Date of Award


Document Type


Degree Name

Doctor of Philosophy (PhD)



First Advisor

Dr. Kara Wettersten


Affirmative consent seeks to clarify when sexual assault occurs by framing consent in terms of agreement through positive verbal and non-verbal communication (Little, 2005). Affirmative consent can theoretically account for college students’ limited ability to identify sexual assault outside stereotypical rape scenarios (i.e. stranger rape) (Hammock & Richardson, 1997), thereby decreasing a common barrier to reporting confusion (Brubaker, 2009; McMahone, 2008). Fifteen states are currently considering passing a statewide mandate requiring affirmative consent (the affirmative consent project, 2015); however, universities lack agreement on whether or not affirmative consent should be required to include either verbal or behavioral affirmations, or both verbal or behavioral affirmations. Within current research, it is unclear whether affirmative consent matches college students’ typical modes of communicating and interpreting consent. The present study examined the impact of affirmative consent policies on sexual assault identification and likelihood of reporting. Participants read one of three policies containing a policy definition of affirmative consent and one of three consent communication scenarios that varied consent communication on a non-verbal to verbal spectrum. There was no evidence suggesting that affirmative consent definitions impacted sexual assault or likelihood of reporting, even after controlling for Rape Myth Acceptance. Results strongly suggest a need for continued research examining the empirical backing for affirmative consent.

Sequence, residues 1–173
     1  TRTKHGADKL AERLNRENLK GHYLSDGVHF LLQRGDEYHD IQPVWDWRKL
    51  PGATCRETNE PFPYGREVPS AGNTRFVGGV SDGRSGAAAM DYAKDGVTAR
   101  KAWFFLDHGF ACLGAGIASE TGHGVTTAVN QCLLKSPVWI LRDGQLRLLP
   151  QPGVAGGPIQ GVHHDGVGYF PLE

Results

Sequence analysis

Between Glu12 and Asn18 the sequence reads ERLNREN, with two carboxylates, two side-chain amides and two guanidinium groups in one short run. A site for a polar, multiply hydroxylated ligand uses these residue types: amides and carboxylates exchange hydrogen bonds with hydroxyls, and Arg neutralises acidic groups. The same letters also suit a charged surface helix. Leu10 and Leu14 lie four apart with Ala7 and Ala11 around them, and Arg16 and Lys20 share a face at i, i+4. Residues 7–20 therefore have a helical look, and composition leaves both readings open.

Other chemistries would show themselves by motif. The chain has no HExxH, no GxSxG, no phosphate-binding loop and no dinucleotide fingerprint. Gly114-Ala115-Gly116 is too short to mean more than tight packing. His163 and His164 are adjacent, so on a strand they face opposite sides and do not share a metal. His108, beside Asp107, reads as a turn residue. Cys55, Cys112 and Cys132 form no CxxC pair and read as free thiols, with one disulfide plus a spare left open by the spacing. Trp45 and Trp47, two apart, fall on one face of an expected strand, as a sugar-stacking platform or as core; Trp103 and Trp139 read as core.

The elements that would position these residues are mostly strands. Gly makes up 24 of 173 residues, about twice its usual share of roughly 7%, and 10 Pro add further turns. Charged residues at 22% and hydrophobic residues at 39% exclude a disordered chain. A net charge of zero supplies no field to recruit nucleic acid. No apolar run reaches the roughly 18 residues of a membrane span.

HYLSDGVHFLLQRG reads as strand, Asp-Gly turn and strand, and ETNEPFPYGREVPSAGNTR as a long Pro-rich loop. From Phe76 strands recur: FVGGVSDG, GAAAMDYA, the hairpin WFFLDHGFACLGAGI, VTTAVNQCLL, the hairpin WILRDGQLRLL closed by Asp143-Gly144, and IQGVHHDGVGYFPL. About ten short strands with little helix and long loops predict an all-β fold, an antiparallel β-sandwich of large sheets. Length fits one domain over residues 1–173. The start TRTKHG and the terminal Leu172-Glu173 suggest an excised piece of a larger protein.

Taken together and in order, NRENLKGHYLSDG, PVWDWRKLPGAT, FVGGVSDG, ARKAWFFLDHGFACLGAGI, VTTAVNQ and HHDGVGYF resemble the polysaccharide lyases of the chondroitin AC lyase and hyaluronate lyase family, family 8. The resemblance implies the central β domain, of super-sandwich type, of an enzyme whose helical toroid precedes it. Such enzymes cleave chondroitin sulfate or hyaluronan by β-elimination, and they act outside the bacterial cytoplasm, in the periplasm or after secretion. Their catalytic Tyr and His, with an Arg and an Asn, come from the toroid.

Included in

Psychology Commons